Her program was a little like the records she's been making for the last decade on the Arista label -- the songs mattered less than her singing, though they were a nice mix of old and new, ranging from her great years at Atlantic Records ("Respect" as well as "Angel") to her less frequent, more recent hits ("Freeway of Love"). Maybe one song, the old doowop standard "Why Do Fools Fall in Love?" seemed too elementary for so great a singer, but even there she sounded stupendous.
First, there's the sheer health of her voice, life surging through it with enough power to make her almost a monument, the vocal equivalent of a great forest, or the Grand Canyon. But she's a monument who, vocally speaking, can dance with pinpoint rhythmic flexibility, teasing the beat, and then slamming home a line at precisely the right instant, so you snap to attention even if you thought you weren't listening.
That's why she triumphs even with Puccini. She sang "Nessun Dorma," from "Turandot," at this year's Grammy awards; in Detroit, she sang "Vissi d'arte," from "Tosca." You could say, with perfect truth, that her Italian could hardly sound more naively American, and that her style is hardly classical. But she makes the music go, like an innocent who finds wonders that scholars overlook, and her high note at the end could have brought the dead to life.

The Symphony opened the evening, with a mostly African-American program featuring Duke Ellington and William Grant Still, the first important black symphonic composer (1895-1978), whose work we ought to hear more often. They were led by their resident conductor, Leslie B. Dunner, who's the model of what orchestras are looking for these days, someone who can talk to the audience as smoothly as any pop figure. He was charming, but the orchestra sounded slack (though, to be fair, they'd just returned from a tour of Japan, and may still have been jet-lagged). They were outplayed by the DSA All-Stars, phenomenal kids from the High School of Fine and Performing Arts, who stopped the show with an elaborate arrangement of a Dizzy Gillespie tune.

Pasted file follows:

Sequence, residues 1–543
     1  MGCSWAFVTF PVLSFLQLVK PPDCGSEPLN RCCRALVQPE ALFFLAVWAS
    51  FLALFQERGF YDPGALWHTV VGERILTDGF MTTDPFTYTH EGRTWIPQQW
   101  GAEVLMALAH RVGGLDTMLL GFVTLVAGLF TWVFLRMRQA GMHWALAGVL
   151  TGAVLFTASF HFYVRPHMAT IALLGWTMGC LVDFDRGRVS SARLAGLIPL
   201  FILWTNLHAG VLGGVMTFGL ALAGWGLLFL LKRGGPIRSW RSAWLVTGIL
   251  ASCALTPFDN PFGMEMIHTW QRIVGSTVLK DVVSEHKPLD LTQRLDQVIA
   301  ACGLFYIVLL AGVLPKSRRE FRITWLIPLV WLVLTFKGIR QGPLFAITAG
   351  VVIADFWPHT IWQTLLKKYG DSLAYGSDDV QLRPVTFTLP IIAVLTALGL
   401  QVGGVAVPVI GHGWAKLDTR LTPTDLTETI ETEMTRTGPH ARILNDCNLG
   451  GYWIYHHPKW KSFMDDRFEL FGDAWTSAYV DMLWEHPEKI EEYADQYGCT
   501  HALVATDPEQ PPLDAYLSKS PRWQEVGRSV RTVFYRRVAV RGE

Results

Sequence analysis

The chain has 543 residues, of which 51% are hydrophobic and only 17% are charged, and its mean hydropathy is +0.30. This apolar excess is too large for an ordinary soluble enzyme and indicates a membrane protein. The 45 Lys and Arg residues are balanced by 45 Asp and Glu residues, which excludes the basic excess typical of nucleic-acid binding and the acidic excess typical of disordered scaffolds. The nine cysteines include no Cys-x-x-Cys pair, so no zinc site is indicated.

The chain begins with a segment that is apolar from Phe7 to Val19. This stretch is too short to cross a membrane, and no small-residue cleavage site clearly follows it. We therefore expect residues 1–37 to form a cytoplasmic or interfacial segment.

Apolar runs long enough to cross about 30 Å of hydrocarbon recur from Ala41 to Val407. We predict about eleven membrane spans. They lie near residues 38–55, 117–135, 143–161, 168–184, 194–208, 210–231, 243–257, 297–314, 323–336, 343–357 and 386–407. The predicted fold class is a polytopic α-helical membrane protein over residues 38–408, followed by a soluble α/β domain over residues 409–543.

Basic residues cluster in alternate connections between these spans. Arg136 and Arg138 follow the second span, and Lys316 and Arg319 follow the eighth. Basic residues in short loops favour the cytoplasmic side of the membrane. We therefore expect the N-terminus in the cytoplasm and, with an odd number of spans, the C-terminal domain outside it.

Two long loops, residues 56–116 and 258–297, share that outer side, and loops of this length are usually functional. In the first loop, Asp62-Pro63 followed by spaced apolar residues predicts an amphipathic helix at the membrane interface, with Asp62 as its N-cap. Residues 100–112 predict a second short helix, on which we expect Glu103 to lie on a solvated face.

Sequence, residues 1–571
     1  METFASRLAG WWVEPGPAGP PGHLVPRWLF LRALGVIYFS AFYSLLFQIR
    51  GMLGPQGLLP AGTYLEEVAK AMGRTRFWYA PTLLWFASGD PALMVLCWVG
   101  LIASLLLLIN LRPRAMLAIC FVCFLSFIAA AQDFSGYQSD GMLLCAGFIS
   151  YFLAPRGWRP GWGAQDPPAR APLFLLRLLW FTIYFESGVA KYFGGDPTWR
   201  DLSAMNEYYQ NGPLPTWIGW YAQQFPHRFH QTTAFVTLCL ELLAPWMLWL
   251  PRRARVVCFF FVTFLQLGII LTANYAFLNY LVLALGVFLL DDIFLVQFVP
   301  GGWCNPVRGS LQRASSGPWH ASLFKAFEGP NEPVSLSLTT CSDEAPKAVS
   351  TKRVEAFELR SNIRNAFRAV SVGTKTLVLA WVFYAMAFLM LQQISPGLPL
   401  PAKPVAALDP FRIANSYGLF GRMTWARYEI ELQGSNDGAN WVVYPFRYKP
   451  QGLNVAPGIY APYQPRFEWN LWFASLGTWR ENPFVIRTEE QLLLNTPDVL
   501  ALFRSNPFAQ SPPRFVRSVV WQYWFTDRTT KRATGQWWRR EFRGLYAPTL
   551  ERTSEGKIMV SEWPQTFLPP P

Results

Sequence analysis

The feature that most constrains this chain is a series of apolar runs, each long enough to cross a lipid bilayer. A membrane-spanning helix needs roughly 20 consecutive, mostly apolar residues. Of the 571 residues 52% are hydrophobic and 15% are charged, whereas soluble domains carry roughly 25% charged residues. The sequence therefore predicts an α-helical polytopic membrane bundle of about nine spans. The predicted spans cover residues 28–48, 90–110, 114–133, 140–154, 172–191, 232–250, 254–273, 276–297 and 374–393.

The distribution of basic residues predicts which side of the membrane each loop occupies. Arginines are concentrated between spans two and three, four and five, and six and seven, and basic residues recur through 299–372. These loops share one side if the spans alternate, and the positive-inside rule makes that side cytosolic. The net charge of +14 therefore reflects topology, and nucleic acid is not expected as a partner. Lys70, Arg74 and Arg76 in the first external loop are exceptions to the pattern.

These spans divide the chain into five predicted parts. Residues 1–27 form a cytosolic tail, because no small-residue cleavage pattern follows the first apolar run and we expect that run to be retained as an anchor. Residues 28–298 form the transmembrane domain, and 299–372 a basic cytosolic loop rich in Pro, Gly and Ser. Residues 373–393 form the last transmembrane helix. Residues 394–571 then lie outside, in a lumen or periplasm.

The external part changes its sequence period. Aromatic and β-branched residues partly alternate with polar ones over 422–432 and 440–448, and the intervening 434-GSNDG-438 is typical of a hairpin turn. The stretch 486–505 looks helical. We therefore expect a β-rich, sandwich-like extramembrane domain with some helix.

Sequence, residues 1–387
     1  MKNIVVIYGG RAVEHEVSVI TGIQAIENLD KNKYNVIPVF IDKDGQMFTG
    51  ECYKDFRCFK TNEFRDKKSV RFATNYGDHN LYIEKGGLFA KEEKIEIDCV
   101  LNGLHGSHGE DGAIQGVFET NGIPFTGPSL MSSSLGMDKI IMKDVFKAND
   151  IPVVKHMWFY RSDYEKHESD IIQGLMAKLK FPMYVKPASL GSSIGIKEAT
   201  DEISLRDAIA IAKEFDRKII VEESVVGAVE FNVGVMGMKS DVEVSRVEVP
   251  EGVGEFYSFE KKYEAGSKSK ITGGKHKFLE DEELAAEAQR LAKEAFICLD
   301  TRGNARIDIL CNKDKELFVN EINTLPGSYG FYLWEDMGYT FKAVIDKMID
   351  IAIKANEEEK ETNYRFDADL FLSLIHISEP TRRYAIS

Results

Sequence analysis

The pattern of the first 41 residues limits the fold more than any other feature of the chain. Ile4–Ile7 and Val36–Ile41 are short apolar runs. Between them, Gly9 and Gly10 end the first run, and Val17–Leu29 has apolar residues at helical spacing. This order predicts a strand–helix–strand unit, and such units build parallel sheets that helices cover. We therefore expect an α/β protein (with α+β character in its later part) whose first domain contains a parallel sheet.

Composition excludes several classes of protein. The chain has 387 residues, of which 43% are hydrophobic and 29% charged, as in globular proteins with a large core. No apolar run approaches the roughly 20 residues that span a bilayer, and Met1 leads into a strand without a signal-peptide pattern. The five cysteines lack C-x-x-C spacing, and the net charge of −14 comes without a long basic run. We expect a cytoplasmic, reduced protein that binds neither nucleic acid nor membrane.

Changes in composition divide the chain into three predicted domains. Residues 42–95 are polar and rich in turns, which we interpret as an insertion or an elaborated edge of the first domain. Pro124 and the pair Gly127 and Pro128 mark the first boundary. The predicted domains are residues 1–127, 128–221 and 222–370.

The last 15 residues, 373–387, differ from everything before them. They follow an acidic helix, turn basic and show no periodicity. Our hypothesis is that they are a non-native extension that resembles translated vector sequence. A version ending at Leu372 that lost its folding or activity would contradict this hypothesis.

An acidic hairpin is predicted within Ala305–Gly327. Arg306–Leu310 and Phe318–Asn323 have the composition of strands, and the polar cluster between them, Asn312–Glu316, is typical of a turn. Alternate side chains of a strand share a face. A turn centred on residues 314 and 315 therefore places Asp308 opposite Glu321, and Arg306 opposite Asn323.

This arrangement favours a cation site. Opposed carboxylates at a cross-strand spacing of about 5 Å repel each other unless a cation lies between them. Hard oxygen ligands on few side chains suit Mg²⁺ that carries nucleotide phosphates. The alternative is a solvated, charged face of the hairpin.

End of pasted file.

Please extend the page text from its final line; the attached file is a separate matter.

Later, the DSO's brass section belted out some juicy licks, for instance in their orchestral version of the famous Jimmy Wright sax solo in "Why Do Fools Fall in Love?" But I can't say that Ms. Franklin made much use of the Symphony. There's no real role for an orchestra when she sings R&B, and so I'll let the curmudgeon make one last appearance, to wish she'd done more of the jazz tunes she recorded at the start of her career, where an orchestra could shine, transformed into the equivalent of a big band with strings.
But it's pointless to complain. She's Aretha Franklin, she does what she does -- and if I were less inhibited I would have jumped from my seat about a dozen times during the concert, screaming her name.

Wall Street Journal, December 9, 1998

I did once jump screaming from my seat at a Luther Vandross show. I don't remember deciding to do it. All I know is that suddenly I was standing up and shouting his name. But that was ten years ago, in my pop music days. See how bad classical music can be? It made me inhibited -- though to be fair, Orchestra Hall is a little more staid that whatever arena I heard Luther in, and the Detroit audience was a little more staid, too. I've reviewed Aretha before, by the way, and couldn't resist teasing her more than I did here.